The federal banking regulators recently took their first official Dodd-Frank rulemaking step, inviting public comments in advance of proposed rulemaking on the use of credit ratings in the formulation of risk-based capital standards. The reality is that years of such rulemaking and interpretation by regulators will determine the true impact of the law.
More important to community banks, the FDIC announced the establishment of a department—the Division of Depositor and Consumer Protection (DCP) —that will soon become a household name for smaller insured state nonmember banks. This unit will be dedicated to the enforcement of consumer protection rules promulgated by the new Consumer Financial Protection Bureau (CFPB) as to banks exempt from that agency’s oversight.
The New Community Bank “Regulator”—FDIC’s DCP
On August 10, 2010, the FDIC Board created two new offices specifically for the purpose of implementing Dodd-Frank: the Office of Complex Financial Institutions (CFI) and Division of Depositor and Consumer Protection (DCP). The first will be the FDIC vehicle for carrying out the agency’s role in overseeing systemic and large bank holding company and non-bank financial firms. The DCP, on the other hand, is in a sense a community bank regulator. According to the FDIC, this body will be charged with enforcing consumer protection rules promulgated by the CFPB as against banks outside its purview: those with $10 billion or less in total assets. In the words of Chairman Bair:
Our depositor protection and compliance examination and enforcement responsibilities are integral to our unique responsibilities as deposit insurer and supervisor of thousands of community banks. The creation of this new division emphasizes the importance we place on these responsibilities and is directly responsive to Congress’s intent in the new legislation. DCP will also complement the activities of the new Consumer Financial Protection Bureau that is being established within the Federal Reserve. The FDIC supports the CFPB, and we are committed to doing our part in carrying out the consumer responsibilities Congress has entrusted to us.
The CFPB will enforce consumer financial protection laws as to insured depository institutions with more than $10 billion in total assets. Below that threshold, the CFPB may require related reporting of smaller banks, but Dodd-Frank tasks each institution’s primary federal regulator with this enforcement and supervision authority. In many cases, these regulators already serve this function—the “consumer financial laws” are vast and include the Electronic Funds Transfer Act and the Equal Credit Opportunity Act—but many enforcement roles will be new (e.g., RESPA and TILA). What’s even more novel, though, is that the CFPB is authorized to be the primary rulemaker on these laws, and the prudential regulators, in turn, are empowered to enforce “any rule or order” prescribed by the CFPB under any of these laws. The other bank regulators are directed to coordinate with the CFPB on enforcement, and the CFPB may even “include examiners on a sampling basis” of consumer protection exams conducted of these banks by their federal regulator. That is why the DCP will soon become a “household name” for most community banks. Under Dodd-Frank, the CFPB can initiate rulemaking as soon as January of next year.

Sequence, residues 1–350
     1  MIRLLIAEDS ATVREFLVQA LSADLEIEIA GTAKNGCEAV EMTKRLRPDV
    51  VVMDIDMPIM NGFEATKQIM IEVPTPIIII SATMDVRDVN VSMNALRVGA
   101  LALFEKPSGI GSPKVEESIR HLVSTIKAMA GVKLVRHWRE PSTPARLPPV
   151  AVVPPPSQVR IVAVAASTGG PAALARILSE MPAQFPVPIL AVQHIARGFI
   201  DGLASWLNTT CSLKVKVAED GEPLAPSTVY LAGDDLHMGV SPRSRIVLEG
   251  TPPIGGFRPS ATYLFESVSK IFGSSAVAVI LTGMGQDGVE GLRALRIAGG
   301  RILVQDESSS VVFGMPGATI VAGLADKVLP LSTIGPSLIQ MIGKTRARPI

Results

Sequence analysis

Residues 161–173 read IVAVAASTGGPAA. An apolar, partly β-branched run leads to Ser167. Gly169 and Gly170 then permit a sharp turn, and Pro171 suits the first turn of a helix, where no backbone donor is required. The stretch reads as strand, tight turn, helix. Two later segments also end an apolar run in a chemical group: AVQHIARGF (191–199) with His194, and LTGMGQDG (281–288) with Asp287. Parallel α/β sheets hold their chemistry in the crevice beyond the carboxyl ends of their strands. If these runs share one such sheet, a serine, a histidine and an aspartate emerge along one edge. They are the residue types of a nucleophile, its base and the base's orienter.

Dodd-Frank Rulemaking Begins
On August 10, 2010, the four federal banking regulators also issued a joint advance notice of proposed rulemaking (ANPR) regarding alternatives to the use of credit ratings—specifically, those ratings generated by Moody’s and the like—in the formulation of risk-based capital guidelines. These rules are to be promulgated pursuant to Section 939A of Dodd-Frank, a section which essentially eliminates regulatory reliance on the “big three” rating agencies in developing capital standards. An ANPR is an optional rulemaking step through which a promulgating agency can solicit information and comment on its deliberative process in advance of an actual rule proposal. Its use is consistent with the agencies’ stated intent to make Dodd-Frank implementation transparent, reiterated this week by the FDIC.
Chairman Bair explained in plain terms why this is the first rulemaking required by Dodd-Frank on which the FDIC has acted: “Every study of the root causes of the financial crisis highlights the role of credit ratings as a key contributing factor to the problems the led to virtual collapse of the financial sector.” She also indicated that the agencies’ ongoing work on capital standards will be halted pending feedback on credit rating alternatives.
This ANPR is in a sense the first step in implementing the heightened capital standards required by Dodd-Frank pursuant to the much-publicized Collins amendment. We have discussed the proposal’s transition periods, grandfathering, and exemptions in the final bill. The agencies had previously proposed risk-based capital guidelines that integrated the 2004 Basel II standardized approach to calculating credit risk, which relies extensively on credit ratings to assign risk weight to various exposures. In this week’s ANPR, available in full text here, the agencies indicate that U.S. implementation of the pending Basel III Accord, which also relies heavily on credit ratings, “would be significantly affected by the need for the agencies to comply with section 939A” of Dodd-Frank. In general, through this ANPR the agencies solicit feedback on alternatives to the use of credit ratings, including the use of broad “risk buckets” assigning exposure risk by category (e.g., corporate versus sovereign debt) or more sophisticated assignments based on financial metrics (e.g., debt-to-equity ratios). For community banks, this is a signal that while Dodd-Frank preserved tier 1 capital treatment for certain trust-preferred and other hybrid securities, the international call for financial reform may impact this treatment in the long run.